What Are the Risks of Having Glaucoma Surgery?


Quick Answer

The risks of glaucoma surgery include infection, bleeding, inflammation, abnormal eye pressure and lost or impaired vision, according to the Mayo Clinic. Glaucoma surgery can also speed up the development of cataracts in some patients.

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Full Answer

The risks involved with glaucoma surgery may increase or decrease depending on the patient's history and the specific type of surgery performed. Doctors can either use a surgical cutting tool or a laser to complete glaucoma surgery, Most doctors try the less-invasive laser procedure first, according to WebMD.

There are three basic types of surgeries to treat glaucoma, according to WebMD. These include surgery to increase the drainage of fluid from the eye, surgery to prevent the closure of the drainage angle, and surgery to decrease the amount of fluid produced in the eye. Depending on the type of glaucoma and the patient’s background, one or several procedures may need to be done to achieve the desired results.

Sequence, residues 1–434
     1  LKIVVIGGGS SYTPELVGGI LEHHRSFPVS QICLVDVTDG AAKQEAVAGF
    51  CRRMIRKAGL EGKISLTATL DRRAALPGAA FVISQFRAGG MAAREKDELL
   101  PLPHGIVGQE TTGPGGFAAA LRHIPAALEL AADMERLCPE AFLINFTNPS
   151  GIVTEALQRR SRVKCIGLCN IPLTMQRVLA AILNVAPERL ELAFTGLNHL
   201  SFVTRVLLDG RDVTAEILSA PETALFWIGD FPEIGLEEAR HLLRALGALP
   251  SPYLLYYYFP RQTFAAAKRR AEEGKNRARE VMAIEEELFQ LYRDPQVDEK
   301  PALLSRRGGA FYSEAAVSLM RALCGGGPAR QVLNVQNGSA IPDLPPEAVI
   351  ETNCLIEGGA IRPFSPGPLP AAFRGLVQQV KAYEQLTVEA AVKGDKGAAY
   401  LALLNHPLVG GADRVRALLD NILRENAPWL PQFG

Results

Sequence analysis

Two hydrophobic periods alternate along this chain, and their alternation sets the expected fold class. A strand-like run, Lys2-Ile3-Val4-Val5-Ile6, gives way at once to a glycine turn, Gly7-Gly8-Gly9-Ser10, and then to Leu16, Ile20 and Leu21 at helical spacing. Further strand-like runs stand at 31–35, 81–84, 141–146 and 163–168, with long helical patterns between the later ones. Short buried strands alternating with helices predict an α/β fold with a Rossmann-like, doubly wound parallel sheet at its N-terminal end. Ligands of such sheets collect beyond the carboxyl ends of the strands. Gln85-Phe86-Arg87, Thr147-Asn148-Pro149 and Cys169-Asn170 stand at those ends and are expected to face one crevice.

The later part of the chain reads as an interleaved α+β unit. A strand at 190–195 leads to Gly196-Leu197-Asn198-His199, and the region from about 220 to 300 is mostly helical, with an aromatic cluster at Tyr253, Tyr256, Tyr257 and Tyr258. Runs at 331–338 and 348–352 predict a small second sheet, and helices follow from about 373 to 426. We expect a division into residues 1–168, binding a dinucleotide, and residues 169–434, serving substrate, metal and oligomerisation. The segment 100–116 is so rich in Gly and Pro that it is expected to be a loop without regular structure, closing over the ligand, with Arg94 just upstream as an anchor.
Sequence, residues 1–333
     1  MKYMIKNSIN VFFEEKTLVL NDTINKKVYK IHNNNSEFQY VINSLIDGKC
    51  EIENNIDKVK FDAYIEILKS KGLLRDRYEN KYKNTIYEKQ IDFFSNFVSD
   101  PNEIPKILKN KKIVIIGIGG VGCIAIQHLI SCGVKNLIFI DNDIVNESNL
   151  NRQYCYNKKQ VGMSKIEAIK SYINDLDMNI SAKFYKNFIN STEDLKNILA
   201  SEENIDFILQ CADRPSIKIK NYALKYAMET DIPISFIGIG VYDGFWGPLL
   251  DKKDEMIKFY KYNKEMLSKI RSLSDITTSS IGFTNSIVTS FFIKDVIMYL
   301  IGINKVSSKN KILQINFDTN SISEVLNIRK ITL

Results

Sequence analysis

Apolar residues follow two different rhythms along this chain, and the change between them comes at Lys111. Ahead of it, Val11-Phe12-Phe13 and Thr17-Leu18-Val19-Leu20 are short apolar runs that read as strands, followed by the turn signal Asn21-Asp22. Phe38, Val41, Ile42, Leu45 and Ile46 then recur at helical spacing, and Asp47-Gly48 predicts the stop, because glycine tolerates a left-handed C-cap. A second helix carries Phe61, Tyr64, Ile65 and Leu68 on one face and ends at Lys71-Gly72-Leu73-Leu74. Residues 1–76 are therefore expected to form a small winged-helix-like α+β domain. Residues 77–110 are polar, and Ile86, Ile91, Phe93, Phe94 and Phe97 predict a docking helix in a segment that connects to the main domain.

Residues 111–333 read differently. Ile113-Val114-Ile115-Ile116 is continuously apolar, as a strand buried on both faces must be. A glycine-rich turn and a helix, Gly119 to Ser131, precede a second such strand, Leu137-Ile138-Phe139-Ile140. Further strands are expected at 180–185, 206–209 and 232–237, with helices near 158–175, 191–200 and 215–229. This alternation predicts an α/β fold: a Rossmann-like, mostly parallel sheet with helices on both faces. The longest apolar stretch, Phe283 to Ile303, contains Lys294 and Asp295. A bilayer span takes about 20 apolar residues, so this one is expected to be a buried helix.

With any glaucoma surgery, the eye is at risk for infection following the procedure, according to the Mayo Clinic. Using an antibiotic and anti-inflammatory eye drop after the procedure greatly reduces some of the biggest risks of this procedure, including infection, inflammation and scarring. Additional procedures may be necessary due to changes in the optic nerve.

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